Astronomers have found a planetary system that is very similar to what will happen to our solar system in the future when the sun begins to fade.
The authors of the new work, with the help of the W.M. Keck Observatory, found a system that consists of a planet similar to Jupiter orbiting a white dwarf that resembles the Sun.
In a new article, the researchers talk about the discovery of the first known exoplanet that survived the death of its star without changing its orbit. The new exoplanet is similar to Jupiter in both mass and orbital separation.
This confirms that planets that orbit at a sufficiently large distance from the star can continue to exist for its death. Given that this system is analogous to our own solar system, then Jupiter and Saturn will most likely survive the period when the Sun becomes a red giant.
Joshua Blackman, PhD student in astronomy at the University of Tasmania in Australia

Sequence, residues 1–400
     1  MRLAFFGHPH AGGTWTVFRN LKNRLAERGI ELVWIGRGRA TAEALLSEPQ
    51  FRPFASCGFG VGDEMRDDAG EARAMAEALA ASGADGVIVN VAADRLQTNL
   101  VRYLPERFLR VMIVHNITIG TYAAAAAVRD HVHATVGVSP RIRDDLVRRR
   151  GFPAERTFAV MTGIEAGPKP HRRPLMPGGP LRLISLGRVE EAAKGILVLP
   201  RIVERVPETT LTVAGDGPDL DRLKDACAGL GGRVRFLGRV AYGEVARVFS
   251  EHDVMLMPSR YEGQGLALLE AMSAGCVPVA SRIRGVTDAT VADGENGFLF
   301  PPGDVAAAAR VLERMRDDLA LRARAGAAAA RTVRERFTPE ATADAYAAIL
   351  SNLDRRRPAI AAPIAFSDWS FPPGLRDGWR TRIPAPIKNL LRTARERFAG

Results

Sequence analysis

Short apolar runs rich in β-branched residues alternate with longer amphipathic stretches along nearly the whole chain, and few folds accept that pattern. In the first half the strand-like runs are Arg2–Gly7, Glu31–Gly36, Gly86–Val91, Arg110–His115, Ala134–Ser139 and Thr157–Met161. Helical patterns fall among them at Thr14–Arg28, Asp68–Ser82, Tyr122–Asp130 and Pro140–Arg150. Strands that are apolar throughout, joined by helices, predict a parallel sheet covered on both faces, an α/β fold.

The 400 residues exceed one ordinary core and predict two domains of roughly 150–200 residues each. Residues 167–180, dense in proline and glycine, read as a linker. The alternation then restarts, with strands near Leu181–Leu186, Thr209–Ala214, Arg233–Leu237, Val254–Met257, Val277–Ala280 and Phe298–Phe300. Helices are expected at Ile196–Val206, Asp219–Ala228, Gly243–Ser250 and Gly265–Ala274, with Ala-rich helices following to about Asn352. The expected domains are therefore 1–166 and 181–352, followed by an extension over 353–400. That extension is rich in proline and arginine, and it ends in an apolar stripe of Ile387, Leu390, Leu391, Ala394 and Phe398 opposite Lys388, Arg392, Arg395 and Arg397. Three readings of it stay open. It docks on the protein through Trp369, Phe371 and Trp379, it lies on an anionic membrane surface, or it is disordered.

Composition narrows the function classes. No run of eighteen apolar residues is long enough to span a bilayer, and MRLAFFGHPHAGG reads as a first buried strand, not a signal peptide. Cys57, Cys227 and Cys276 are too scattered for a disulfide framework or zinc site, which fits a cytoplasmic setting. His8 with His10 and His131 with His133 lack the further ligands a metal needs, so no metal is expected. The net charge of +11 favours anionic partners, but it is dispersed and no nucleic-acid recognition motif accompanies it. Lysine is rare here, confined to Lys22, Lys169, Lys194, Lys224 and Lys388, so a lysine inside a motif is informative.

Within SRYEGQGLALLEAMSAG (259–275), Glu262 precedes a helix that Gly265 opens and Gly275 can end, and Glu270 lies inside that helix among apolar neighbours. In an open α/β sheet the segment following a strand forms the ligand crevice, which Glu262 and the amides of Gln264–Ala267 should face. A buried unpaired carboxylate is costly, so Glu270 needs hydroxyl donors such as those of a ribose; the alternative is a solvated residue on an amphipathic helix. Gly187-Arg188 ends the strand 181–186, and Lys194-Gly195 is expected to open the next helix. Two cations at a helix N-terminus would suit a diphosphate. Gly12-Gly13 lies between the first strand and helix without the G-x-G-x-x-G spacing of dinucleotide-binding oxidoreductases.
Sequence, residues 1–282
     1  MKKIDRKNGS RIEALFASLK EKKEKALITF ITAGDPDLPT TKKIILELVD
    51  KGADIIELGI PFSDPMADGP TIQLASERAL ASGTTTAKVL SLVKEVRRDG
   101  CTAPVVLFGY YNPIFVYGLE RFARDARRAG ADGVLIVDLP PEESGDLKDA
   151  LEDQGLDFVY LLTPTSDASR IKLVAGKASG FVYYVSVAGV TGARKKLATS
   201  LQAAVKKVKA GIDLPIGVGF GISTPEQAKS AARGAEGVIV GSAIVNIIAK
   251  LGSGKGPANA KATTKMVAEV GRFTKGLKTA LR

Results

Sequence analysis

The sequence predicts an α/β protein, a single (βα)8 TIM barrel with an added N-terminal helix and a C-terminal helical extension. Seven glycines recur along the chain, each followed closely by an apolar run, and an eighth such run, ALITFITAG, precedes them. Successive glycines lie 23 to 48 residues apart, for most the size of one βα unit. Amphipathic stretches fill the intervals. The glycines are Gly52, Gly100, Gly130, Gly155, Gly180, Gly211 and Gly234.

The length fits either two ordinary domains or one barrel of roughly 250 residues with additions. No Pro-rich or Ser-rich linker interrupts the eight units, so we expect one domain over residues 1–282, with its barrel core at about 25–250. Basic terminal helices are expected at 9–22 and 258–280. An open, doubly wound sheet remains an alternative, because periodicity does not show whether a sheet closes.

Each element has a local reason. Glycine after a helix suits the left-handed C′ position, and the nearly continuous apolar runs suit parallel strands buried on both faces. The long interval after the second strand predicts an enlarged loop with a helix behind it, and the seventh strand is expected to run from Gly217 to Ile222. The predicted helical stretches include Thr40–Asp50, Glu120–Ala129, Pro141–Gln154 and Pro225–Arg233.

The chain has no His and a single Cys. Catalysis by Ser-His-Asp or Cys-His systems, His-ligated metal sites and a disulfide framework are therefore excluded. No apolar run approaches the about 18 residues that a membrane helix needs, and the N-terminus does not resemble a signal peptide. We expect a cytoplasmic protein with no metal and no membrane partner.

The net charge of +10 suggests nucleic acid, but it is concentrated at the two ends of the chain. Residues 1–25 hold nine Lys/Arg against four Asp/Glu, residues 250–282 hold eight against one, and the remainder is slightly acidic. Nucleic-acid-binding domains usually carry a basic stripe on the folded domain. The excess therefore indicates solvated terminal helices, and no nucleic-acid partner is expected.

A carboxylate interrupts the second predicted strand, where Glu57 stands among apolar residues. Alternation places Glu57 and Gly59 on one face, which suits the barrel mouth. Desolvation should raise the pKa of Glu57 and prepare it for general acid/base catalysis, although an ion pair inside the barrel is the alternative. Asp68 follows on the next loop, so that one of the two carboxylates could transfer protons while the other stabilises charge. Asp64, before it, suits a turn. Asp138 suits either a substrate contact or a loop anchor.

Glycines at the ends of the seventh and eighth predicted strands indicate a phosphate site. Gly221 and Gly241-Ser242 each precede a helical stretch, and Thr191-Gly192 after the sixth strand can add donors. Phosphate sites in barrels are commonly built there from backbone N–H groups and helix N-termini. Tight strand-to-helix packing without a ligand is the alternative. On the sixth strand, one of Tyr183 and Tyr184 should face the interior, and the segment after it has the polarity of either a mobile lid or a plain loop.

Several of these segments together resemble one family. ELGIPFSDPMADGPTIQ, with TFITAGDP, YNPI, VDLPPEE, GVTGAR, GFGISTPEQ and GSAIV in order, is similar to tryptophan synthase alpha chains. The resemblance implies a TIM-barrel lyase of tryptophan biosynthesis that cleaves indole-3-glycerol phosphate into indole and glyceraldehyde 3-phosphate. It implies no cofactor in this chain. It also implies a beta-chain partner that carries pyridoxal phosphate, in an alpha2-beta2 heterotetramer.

Sooner or later, our Sun will turn into a white dwarf – this is what stars become after they die. In the last stages of its life cycle, the star burns off all the hydrogen in its core and turns into a red giant star. A similar process increases the brightness of the star and leads to a colossal expansion of its envelope. Not all nearby planets are going through this process.
When the Sun eventually becomes a red giant, its heat will reach Earth’s current orbit. This means that the Sun is likely to engulf Mercury, Venus, and Earth.
Several million more years will pass. The red giant will begin to cool down. And eventually it will become a white dwarf.
The authors of the new work found just such a system, where the star became a white dwarf, and the nearest surviving exoplanet resembles Jupiter. Now astronomers have confirmed their information about which planets are most likely to survive the death of the Sun.